Magazine article Sculpture

Peekskill Project 6

Magazine article Sculpture

Peekskill Project 6

Article excerpt



A citywide public art festival organized by the Hudson Valley Center for Contemporary Art (HVCCA), "Peekskill Project," which launched in 2004, is devoted to bringing contemporary art out of the museum and into the community, specifically into spaces not normally used to present art. The 2015 iteration, "Peekskill Project 6," featured works by 57 U.S. and international artists selected by an international curatorial committee and presented in various locations around the city, including empty industrial buildings, storefronts, public parks, and private homes, as well as at HVCCA. Each artist spent a significant amount of time in Peekskill to explore its rich social, geographic, and cultural history.

Olafur Eliasson's mesmerizing Your Repetitive View, a shipping container lined with mirrors, offered a kaleidoscopic expanse of illusion. Looking in one window and out through another, viewers saw the surrounding expanse of sky and river, tree and human, framed and repeated many times over at a Hud - son River waterfront park.

Mark Andreas's Solar Finn (2015), a large kinetic sculpture made of cedar, ash, steel, and solar panels, was installed nearby. Moving in a continuum of different states, this elegant work reacted to weather and natural forces. Solar panels powered a pump, which cycled water between an inner and outer reservoir to be distributed throughout the sculpture. It wasn't clear if the cycled water had any environmental benefit, but Solar Finn provocatively raised the question.

Denmark's Molly Haslund placed 1000 Wooden Balls in various formations outside a factory site and moved them continuously for the duration of the project. In an additional, ongoing street performance, she carried a large-scale wooden compass around Peekskill and used it to make circular chalk patterns on the streets-an elegant choreography unfolding in public space.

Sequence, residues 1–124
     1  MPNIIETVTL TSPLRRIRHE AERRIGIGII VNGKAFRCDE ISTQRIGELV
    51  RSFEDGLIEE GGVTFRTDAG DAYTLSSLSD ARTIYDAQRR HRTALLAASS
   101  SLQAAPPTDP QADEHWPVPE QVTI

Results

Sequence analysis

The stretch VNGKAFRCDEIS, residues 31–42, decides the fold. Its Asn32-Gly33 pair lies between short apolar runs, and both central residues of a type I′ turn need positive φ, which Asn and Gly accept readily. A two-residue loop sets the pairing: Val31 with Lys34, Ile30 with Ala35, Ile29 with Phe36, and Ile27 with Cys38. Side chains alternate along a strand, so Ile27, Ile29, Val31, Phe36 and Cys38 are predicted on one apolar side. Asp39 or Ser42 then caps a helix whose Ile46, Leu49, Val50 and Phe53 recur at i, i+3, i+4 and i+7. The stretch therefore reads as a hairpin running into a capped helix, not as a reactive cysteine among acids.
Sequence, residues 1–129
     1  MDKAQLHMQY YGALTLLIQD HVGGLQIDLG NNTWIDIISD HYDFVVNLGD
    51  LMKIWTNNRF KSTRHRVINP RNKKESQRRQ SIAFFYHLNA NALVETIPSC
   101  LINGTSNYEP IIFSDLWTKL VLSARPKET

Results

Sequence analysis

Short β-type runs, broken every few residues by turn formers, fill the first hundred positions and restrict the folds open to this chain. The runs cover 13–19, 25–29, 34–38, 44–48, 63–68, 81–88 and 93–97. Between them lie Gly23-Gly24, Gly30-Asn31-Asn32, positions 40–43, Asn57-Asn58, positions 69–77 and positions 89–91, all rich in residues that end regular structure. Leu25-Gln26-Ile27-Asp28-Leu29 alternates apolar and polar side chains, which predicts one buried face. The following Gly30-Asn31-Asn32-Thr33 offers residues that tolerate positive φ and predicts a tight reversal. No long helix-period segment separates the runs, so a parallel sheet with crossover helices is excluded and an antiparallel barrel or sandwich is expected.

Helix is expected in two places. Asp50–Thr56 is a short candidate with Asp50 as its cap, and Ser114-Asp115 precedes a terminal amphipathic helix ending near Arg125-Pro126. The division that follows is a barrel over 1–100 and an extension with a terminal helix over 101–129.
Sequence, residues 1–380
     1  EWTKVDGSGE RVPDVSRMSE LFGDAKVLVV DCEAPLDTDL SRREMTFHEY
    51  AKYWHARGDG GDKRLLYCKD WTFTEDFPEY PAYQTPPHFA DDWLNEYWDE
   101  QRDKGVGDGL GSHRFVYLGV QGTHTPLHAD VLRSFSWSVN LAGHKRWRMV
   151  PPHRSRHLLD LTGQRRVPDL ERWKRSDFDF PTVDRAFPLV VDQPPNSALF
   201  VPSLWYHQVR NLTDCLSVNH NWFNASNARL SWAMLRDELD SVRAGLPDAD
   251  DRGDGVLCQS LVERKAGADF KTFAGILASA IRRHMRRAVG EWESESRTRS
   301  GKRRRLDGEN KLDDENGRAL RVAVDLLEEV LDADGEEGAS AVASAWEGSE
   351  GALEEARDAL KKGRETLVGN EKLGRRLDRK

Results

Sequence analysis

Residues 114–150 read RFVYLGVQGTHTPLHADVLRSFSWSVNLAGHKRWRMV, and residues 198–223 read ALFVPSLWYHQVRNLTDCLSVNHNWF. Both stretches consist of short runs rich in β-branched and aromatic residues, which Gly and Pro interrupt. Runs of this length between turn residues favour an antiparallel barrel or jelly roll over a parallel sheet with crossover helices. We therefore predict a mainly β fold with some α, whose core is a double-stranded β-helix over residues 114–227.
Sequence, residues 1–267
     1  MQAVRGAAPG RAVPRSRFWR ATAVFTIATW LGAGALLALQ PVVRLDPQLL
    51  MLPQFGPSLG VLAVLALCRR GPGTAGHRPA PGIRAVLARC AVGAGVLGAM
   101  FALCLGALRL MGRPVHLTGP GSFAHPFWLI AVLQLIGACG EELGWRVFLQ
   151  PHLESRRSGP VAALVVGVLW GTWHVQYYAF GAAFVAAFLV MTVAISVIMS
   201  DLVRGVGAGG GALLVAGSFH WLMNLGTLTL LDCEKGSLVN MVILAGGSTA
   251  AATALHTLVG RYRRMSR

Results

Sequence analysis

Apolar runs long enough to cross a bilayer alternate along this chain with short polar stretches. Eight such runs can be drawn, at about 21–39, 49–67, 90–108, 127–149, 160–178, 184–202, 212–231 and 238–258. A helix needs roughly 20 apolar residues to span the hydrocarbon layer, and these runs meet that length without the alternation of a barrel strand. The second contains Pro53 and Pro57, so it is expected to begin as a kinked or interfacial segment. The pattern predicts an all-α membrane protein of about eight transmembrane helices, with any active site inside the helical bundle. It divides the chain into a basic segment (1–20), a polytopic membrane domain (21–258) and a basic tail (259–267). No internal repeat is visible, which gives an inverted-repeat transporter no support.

Dustine Sherbine's The Red Record was a multi-site installation made up of oyster shells scattered around Peekskill-along the waterfront, under a factory stairwell, at a bookstore, and on the streets. The oysters, once native to the Hudson River, were arranged in piles that referenced oyster middens, the ancient shell discards of the Lenni Lenape, the native people of the Hudson River Valley. The work takes its name from the Walam Olum, or "Red Record," a historical narrative of the Lenape translated in the 1830s.

Polish artist Jan Baracz placed a heaping, but carefully arranged pile of assorted demonstration signs, banners, and flags against an exterior wall at HVCCA. The messages in On The Nature Of Dust Deposits, Minerva Owl Flight Patterns And Other Commonly Overlooked Events were dusty and obscured. With no decipherable words, one could only imagine why the signs were leaning there, seemingly abandoned years ago.

Italian artist Maria Rapicavoli's A Cielo Aperto #2 took its name from an idiomatic expression that can be translated as "open sky." In the video installation, a single still image of the American sky was projected into a complex web of strings transecting the gallery. …

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